Behaviors That Lead To Appointments

The most important message to take from this article is that if your salespeople don’t have an appointment set up with a prospect, customer, or client, they need to be out in the field engaged in an activity that will generate an appointment.

However, preparing to make a cold, planning, or even changing the oil in your vehicle are not included in my classification of an activity that will lead to an appointment. But don’t worry, I’m here to help you get unstuck.

Of course, these examples are tongue in cheek; sales teams across all industries are notorious for creating excuses as to why they are not making a call or knocking on a door.

Within a small radius of your office, there are hundreds – if not thousands – of change outs taking place. Find the right neighborhood, present the right script, and targeting prospects at the right time of the day. Following these steps will lead to successful appointments. I did it, and you can do it too.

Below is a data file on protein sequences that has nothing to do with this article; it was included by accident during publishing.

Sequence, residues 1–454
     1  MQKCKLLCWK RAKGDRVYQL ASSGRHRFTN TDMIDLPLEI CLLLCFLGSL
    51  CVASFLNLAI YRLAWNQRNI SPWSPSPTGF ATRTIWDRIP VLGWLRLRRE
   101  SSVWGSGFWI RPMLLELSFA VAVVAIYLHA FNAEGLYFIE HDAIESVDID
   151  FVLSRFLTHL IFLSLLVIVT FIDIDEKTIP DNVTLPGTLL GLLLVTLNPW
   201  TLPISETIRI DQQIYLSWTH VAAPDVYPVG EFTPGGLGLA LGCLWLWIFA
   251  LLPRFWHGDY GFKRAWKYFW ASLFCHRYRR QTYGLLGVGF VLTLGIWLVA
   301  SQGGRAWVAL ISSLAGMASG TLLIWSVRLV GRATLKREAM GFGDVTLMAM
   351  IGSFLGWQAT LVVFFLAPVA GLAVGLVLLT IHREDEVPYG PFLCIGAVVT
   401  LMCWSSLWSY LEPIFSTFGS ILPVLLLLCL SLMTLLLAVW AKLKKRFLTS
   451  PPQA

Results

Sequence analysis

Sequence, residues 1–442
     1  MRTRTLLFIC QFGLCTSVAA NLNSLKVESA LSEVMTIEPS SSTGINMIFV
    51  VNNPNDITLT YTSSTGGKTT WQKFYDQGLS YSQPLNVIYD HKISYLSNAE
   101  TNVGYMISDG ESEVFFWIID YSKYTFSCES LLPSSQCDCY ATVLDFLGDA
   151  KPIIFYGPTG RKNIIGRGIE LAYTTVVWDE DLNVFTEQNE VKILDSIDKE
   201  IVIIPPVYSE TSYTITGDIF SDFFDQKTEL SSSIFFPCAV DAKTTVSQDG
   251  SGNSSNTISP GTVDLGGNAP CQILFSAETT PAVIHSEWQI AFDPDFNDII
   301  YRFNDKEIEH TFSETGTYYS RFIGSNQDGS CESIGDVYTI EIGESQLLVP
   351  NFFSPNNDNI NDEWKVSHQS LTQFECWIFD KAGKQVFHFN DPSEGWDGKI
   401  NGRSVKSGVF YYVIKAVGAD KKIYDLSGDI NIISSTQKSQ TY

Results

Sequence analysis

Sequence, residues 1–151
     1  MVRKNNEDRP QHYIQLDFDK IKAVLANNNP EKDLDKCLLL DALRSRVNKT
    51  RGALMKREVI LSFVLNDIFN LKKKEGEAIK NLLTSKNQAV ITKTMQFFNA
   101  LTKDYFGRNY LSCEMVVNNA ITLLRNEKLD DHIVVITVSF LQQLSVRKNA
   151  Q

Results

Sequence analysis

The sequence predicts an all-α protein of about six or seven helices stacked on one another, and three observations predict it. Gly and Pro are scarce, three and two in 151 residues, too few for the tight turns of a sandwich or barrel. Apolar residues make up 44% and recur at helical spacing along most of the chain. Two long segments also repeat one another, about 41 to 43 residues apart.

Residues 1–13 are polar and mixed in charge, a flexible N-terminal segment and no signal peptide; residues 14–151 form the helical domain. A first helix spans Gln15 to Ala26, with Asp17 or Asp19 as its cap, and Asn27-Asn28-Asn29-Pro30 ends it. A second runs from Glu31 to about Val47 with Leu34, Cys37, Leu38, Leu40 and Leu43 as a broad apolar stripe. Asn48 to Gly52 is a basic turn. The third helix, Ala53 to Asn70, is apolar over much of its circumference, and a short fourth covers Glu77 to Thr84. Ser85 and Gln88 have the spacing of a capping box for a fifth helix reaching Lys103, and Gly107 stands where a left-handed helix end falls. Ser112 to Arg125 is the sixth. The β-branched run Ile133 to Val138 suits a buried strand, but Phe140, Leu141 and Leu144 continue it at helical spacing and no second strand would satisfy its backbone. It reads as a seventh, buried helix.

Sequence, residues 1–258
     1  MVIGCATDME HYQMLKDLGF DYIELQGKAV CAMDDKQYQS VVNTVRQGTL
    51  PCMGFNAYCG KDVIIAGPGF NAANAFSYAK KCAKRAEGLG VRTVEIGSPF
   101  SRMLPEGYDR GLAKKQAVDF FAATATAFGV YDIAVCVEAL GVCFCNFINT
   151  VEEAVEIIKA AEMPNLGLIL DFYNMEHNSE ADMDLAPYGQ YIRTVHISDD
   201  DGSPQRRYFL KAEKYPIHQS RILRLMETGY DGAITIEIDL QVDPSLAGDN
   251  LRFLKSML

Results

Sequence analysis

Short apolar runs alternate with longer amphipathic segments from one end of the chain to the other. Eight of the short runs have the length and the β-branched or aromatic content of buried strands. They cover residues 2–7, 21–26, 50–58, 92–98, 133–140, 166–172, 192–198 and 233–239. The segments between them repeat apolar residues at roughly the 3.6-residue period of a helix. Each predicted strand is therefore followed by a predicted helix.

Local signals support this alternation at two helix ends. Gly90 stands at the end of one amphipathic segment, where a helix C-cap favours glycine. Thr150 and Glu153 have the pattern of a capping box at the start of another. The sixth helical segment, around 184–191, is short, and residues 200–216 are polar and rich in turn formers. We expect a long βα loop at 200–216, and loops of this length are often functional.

Knocking on doors in the age of digital marketing

Often, people say, “Roger this is the age of social media, and knocking went out style with the tin siding sales guys in the 1960s.” This belief, however, is not true.

Not too many years ago, I answered a ring at my doorbell, where a neatly dressed man stood at my door in a mostly upper-class neighborhood. Now I don’t remember his exact script, but he was offering a special deal package for a well-known golf course I had played at before, about an hour’s drive from my home. On this occasion, I said, “No, thank you” to the salesman; I wasn’t going to drive an hour away to play golf.

However, this man had done his research, and he was knocking in a very productive neighborhood for golfing prospects. I played golf – all my neighbors played golf, too. In fact, a few days later I got a call from a neighbor who invited me to play golf. Guess where? Yes, they had all bought a package at their front door from the neatly dressed gentleman.

The three golf package buyers